To her credit, Ms. Butler did not write Last Call as a one-sided polemic against gentrification. Jenna, Molly, and the gay Tod(d)s may be outsized caricatures of The New D.C., but they do fight back against the accusations that they are insensitive invaders. During one particularly powerful moment, Todd, who is black, eviscerates Jordan for telling him that this is not his home. Todd fires back that as a gay man, he can’t go home to West Virginia, and that this neighborhood, where he and his fiancée are building a life, is their home. Todd and Tod are not usurpers or colonialists; they are residents, and just because they are new and have a penchant for organic food and a beefed up police presence doesn’t make them evil or racist.

The layers of complexity surrounding gentrification, and the heavy emotional baggage that goes with it, is told elegantly and with great humor by Ms. Butler and Ms. Barge. I was impressed again and again by how these deeply serious issues were woven invisibly into a story that moved quickly and with razor-sharp comedy.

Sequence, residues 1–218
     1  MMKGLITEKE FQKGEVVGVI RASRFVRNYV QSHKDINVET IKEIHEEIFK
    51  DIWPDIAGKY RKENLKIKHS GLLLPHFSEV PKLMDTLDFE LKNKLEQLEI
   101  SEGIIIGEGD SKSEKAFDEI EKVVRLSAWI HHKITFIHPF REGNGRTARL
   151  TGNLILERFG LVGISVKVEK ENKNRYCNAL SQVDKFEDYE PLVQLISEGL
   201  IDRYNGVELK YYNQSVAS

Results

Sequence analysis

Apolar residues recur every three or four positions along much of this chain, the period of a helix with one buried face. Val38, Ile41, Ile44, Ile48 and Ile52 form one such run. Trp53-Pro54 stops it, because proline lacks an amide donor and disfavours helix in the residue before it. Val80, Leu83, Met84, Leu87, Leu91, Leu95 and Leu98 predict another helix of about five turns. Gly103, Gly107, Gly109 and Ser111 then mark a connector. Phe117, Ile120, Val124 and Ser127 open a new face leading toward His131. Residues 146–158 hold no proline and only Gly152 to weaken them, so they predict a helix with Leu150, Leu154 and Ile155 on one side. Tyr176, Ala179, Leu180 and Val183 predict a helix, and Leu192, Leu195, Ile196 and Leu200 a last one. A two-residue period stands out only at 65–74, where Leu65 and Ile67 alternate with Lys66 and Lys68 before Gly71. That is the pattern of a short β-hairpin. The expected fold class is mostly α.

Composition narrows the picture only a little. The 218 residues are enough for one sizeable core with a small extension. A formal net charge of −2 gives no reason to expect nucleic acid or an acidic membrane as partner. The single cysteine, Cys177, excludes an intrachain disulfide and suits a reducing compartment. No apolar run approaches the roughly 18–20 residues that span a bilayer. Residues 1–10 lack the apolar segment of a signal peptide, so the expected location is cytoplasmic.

The entire ten person ensemble did an exemplary job of communicating both the comedy and the drama of Last Call, and they deftly avoided the trap of becoming caricatures. I was watching real people on stage, and it was this authenticity that made the show so funny and so touching. I must single out Ms. Dae (Ms. V.) and Ms. Edwards (Dottie) for their particularly endearing and hilarious performances.